Cuneo Gilbert & LaDuca, along with Cecchi Brody & Agnello, Lockridge Grindal & Nauen, and Barrett Law Group Files Globally Significant Class Action RICO Case Against Lebanese Banks: Banque du Liban, Byblos Bank, S.A.L., Ernst and  Young Accounts and More

For years, Banque du Liban (BDL) and Byblos Bank, S.A.L. (Byblos), and others (together, the “Lebanese Banking Enterprise”) have stolen billions of dollars. By luring in U.S. depositors under the guise of exorbitant interest rates to misrepresenting its own financial health, the Lebanese Banking Enterprise has systematically defrauded thousands of U.S. citizens and residents. The crisis has led to a loss of faith in the banking system, with the majority of people unable to access their life savings, creating unprecedented poverty and unemployment rates.

CGL along with co-counsel filed a first-of-its kind RICO case in the U.S. District Court for the District of New Jersey to right this wrong.

“We pride ourselves on fighting for our clients, no matter the opponent. Our clients find themselves under attack by the very fiduciaries that are mandated to safeguard their livelihoods, and we take that very seriously,” says Charles LaDuca, Chairman of Cuneo Gilbert & LaDuca. “Lives were destroyed by the Lebanese banks’ actions. We intend to advocate aggressively for our clients, and filing this first-of-its kind case is just the first step towards justice.”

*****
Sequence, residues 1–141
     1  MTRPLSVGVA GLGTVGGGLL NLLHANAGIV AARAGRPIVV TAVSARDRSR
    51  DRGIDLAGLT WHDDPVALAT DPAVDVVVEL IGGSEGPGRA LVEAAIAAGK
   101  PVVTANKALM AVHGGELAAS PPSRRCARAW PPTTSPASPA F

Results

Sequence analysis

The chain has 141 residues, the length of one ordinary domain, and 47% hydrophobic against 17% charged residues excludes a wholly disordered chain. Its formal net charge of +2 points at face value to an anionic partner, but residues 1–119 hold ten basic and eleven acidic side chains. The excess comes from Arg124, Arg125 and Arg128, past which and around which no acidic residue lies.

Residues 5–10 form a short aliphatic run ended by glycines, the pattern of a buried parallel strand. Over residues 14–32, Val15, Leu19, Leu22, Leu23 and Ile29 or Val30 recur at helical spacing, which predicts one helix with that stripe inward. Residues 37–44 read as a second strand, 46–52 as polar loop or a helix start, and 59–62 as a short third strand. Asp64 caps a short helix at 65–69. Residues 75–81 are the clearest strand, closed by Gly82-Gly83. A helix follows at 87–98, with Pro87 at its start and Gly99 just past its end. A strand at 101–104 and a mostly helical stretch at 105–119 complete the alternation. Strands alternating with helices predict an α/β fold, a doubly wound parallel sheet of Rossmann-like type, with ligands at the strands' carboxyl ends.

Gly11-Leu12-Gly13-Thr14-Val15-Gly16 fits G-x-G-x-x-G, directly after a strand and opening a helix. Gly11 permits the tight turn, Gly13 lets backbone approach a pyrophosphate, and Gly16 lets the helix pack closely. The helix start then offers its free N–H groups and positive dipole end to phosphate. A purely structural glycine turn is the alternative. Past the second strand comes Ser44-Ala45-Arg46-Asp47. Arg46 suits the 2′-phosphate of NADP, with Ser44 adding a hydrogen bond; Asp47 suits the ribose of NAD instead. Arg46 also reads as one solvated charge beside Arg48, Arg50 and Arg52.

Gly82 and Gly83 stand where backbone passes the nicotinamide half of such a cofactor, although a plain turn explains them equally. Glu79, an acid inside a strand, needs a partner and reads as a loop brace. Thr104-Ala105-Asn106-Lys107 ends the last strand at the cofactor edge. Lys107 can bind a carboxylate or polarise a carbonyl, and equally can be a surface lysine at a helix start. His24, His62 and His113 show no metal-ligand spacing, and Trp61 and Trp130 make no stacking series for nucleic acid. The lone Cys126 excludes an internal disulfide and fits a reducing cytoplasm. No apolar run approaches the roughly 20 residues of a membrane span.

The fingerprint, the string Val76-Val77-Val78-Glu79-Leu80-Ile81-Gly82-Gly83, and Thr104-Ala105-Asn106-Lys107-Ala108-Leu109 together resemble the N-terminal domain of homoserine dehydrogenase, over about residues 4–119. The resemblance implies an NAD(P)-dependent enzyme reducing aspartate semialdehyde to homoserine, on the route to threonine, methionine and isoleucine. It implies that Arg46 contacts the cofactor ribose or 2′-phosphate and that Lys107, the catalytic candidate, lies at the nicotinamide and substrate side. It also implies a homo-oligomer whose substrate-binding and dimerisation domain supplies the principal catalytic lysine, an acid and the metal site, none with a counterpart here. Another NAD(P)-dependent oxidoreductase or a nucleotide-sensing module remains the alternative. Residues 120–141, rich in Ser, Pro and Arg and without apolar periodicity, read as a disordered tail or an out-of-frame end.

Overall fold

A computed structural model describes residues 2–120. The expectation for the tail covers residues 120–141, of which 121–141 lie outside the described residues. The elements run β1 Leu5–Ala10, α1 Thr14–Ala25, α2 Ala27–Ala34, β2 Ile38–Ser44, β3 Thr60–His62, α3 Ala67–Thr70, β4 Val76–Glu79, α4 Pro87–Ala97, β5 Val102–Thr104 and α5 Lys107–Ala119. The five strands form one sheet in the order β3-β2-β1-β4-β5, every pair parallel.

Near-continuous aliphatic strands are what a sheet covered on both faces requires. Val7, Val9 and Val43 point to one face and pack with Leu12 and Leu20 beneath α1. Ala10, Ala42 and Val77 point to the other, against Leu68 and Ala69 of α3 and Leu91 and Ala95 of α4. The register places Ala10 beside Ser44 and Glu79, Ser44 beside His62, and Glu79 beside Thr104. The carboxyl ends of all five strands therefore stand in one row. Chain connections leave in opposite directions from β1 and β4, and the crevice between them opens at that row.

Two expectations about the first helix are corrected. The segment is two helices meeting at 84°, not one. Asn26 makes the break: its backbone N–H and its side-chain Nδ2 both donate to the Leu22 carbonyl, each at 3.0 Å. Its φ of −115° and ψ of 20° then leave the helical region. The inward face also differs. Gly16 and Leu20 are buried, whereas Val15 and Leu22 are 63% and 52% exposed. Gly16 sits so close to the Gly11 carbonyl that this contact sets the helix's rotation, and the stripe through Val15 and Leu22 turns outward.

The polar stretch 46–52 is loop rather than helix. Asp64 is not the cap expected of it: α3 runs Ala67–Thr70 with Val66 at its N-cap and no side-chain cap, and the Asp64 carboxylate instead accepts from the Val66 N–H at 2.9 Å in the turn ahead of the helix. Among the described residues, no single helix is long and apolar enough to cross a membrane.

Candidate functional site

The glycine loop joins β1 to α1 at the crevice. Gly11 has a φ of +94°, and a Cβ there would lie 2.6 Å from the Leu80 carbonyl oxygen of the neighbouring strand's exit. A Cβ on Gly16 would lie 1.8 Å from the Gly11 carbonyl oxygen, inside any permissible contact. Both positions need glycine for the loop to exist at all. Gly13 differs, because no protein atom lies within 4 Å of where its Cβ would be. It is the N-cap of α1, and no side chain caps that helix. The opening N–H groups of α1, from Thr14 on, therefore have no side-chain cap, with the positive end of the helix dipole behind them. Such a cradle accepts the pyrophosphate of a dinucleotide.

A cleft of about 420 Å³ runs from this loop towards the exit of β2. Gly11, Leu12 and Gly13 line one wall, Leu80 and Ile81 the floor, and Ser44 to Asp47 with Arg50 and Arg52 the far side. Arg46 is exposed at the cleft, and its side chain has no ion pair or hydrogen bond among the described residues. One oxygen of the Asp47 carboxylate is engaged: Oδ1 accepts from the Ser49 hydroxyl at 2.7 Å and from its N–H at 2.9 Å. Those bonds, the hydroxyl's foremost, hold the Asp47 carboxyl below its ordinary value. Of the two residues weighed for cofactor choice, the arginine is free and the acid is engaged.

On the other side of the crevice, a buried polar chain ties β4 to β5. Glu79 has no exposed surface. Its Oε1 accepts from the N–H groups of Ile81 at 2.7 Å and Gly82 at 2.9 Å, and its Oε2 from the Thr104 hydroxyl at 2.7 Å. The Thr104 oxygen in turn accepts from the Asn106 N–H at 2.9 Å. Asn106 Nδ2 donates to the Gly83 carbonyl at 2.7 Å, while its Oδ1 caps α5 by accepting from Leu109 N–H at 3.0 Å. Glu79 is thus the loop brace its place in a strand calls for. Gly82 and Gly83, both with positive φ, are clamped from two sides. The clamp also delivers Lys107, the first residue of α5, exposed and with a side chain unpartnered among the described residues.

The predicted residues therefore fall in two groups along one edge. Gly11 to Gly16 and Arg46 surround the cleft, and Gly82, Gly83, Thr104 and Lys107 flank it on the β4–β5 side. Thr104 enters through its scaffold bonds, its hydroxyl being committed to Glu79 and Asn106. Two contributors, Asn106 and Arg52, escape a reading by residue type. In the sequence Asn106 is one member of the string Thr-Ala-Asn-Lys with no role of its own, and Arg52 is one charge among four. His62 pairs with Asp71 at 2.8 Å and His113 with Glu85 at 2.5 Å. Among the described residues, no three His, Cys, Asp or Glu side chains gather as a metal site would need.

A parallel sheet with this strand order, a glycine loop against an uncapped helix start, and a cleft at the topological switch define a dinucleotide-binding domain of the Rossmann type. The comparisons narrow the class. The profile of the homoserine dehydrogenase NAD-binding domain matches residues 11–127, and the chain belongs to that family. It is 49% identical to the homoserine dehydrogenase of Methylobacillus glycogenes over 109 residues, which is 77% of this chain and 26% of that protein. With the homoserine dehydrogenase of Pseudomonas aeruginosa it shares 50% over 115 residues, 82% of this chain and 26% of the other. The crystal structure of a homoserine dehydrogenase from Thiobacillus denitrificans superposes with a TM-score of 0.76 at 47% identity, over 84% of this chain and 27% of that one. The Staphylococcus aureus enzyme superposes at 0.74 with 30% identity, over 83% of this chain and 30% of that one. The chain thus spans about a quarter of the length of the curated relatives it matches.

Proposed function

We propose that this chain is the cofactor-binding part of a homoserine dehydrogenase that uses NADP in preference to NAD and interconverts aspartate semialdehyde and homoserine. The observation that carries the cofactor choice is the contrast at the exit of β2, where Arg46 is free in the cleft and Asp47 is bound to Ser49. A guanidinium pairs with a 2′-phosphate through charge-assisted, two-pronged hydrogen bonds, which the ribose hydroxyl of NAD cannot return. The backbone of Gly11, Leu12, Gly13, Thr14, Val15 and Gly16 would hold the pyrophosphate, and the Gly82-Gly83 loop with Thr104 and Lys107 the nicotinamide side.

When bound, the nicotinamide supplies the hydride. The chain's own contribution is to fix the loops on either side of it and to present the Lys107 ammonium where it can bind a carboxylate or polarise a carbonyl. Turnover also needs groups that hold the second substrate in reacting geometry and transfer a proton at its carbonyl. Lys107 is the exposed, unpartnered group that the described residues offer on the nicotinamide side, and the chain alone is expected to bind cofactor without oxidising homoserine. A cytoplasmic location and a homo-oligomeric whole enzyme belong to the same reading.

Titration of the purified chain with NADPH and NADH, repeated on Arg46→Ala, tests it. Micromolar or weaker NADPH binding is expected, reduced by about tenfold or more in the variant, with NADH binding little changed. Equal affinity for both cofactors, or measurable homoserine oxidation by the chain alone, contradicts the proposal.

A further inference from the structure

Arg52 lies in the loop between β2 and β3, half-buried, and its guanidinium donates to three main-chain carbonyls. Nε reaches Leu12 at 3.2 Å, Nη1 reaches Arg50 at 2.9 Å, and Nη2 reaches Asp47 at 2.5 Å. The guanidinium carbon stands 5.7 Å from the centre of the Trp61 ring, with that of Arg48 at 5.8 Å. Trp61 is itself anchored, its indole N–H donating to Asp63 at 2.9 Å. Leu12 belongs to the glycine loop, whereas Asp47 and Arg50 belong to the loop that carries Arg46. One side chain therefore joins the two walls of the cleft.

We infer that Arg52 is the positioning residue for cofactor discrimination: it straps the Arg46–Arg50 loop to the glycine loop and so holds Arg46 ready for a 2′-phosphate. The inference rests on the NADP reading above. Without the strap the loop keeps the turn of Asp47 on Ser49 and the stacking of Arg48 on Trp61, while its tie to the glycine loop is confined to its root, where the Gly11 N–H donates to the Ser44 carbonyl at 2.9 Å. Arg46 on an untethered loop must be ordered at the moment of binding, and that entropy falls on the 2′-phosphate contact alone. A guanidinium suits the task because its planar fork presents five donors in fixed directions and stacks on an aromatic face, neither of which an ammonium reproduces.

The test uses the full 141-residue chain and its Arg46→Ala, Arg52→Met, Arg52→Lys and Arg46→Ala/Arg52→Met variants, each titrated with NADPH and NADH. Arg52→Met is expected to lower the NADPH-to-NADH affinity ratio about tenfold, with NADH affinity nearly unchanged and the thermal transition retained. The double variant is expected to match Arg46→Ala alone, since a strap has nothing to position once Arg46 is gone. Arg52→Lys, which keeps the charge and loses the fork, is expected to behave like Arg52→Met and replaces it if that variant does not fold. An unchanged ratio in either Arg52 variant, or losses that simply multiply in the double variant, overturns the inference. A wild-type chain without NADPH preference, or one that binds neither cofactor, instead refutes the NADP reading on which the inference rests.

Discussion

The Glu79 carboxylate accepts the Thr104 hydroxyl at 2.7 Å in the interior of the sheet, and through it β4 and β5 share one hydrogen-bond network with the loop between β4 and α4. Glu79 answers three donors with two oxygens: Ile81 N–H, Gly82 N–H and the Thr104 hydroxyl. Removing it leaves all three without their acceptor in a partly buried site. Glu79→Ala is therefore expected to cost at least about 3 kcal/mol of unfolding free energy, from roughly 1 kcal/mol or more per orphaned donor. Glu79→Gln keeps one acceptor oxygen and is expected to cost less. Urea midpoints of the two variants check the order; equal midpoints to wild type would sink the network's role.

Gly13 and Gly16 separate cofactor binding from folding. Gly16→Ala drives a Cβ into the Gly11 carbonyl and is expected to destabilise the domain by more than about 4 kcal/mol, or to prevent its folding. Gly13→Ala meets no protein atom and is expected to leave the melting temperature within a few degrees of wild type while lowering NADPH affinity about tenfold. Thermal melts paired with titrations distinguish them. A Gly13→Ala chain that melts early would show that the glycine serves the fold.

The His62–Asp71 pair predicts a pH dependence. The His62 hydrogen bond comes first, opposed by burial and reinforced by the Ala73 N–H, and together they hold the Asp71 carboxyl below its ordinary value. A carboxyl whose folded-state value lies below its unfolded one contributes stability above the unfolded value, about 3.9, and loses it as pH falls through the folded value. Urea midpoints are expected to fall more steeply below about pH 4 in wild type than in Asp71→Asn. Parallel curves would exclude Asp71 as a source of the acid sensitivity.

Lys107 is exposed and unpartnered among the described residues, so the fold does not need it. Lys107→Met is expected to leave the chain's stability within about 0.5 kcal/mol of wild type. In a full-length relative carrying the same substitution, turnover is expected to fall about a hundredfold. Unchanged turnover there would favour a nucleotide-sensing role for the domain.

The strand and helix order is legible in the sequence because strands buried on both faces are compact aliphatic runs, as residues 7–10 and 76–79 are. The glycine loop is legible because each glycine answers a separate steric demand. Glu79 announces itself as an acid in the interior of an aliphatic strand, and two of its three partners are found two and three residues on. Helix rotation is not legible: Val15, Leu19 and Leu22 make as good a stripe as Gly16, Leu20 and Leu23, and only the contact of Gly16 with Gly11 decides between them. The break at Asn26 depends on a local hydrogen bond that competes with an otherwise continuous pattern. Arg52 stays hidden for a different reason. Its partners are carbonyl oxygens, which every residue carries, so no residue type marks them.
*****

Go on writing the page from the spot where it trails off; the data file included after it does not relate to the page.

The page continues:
“This case will impact thousands of lives,” says Don Barrett, a Partner with Barrett Law Group, P.A. “This Ponzi scheme has been going on for years, and it is long past time we do something about it.”

Starting in the 1990s, following the end of a brutal civil war, the Lebanese Banking Enterprise took advantage of the economic chaos. The bank targeted U.S. depositors, specifically U.S. citizens of Lebanese descent, through offering incredibly high interest rates and touting a strong relationship with U.S. banks. The interest rates they claimed to offer were entirely unsustainable.

After luring in their victims, the Lebanese Banking Enterprise conducted a bait-and-switch. The banks convinced depositors to convert their U.S. dollars to Lira, the Lebanese currency, using their conversion rates. The artificial conversion rates misrepresented the value of the Lira, leaving victims with nothing.